Gold South African Krugerrand

The Krugerrand is a South African gold coin, first minted in 1967 in order to help market South African gold. The coins have legal tender status in South Africa but are not actually intended to be used as currency, which is a reason it is regarded as being one of the world’s medal-coins. The Krugerrand was the first gold coin to contain precisely one ounce of fine gold. By bestowing legal tender status upon the coin, Krugerrands could be owned by citizens of the United States, which at that time prohibited private ownership of bullion but allowed ownership of foreign coins. However, due to the policy of apartheid in South Africa, the Krugerrand was declared illegal to import in many Western countries during the 1970s and 1980s until that system was lifted between 1990 and 1994. Since the Krugerrand is minted from gold alloy that is 91.67 percent pure (22 karats), the actual weight of a “one ounce” coin is 1.0909 ounces (33.93 g). The remainder of the coin’s mass is made up of copper (2.826 grams), giving the Krugerrand a more orange appearance than silver-alloyed gold coins. Alloys are used to make gold coins harder and more durable, so they can resist scratches and dents during handling. The Krugerrand gets its name from the fact that the obverse shows the face of Paul Kruger, a prominent Boer resistance leader against the British and eventually the fifth, and last president of the old South African Republic holding that office for four terms. The reverse depicts a springbok antelope, one of the national symbols of South Africa that was designed by Coert Steynberg and used on the reverse of the earlier 5 shilling South African coinage for King George VI and Queen Elizabeth II. The name “South Africa” and the gold content are inscribed in both Afrikaans and English.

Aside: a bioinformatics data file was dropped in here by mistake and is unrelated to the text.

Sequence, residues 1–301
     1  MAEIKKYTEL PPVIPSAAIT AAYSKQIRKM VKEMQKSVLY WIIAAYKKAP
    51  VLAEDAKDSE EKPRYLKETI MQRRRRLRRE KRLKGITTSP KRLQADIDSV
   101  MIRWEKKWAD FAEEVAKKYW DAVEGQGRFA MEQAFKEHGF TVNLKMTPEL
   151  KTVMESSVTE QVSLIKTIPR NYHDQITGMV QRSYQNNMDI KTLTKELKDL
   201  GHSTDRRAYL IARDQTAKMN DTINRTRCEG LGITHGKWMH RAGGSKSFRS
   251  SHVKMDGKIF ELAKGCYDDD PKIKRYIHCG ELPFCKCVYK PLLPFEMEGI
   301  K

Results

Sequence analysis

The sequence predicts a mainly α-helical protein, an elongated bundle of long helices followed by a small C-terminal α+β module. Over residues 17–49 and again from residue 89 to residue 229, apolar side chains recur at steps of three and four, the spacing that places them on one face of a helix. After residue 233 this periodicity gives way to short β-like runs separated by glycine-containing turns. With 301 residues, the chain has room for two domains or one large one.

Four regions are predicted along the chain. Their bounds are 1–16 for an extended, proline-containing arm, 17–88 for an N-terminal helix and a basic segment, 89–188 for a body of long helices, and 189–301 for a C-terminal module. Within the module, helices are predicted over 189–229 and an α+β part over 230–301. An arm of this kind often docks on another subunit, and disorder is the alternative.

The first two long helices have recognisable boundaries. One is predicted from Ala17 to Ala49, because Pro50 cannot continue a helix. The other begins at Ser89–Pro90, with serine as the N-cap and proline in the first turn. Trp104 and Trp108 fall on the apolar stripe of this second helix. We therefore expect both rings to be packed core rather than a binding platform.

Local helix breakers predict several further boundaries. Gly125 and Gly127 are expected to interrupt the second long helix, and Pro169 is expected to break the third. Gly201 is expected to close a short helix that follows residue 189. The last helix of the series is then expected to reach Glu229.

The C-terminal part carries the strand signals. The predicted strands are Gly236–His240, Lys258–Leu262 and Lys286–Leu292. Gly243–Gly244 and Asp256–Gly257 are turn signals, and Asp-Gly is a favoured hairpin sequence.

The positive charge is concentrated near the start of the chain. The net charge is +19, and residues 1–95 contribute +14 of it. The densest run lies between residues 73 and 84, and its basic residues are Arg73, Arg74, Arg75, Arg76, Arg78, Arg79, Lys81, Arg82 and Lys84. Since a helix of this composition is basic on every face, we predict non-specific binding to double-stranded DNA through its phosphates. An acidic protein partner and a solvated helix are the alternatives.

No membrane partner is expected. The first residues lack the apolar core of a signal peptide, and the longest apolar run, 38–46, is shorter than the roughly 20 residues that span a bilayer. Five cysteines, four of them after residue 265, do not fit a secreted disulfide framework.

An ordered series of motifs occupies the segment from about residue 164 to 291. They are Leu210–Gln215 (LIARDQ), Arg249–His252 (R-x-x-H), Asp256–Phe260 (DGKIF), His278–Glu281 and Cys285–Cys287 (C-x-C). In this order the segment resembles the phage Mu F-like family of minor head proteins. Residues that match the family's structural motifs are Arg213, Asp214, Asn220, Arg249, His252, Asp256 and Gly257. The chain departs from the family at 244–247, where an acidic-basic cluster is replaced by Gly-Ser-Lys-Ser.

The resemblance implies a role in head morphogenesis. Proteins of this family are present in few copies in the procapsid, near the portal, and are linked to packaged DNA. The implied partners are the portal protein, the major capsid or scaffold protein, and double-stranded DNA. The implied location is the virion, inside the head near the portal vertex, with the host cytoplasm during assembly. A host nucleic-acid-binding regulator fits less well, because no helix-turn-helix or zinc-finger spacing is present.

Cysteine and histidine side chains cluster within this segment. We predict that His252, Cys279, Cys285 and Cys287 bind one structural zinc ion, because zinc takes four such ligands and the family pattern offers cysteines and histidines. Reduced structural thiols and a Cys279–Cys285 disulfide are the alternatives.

Designer: Coert Steynberg
Gross Weight: 33.93 grams
Net Weight: 1 troy ounce Gold
Composition: .9167 pure gold
Diameter: 32.77 mm
Minted: 1979 – Present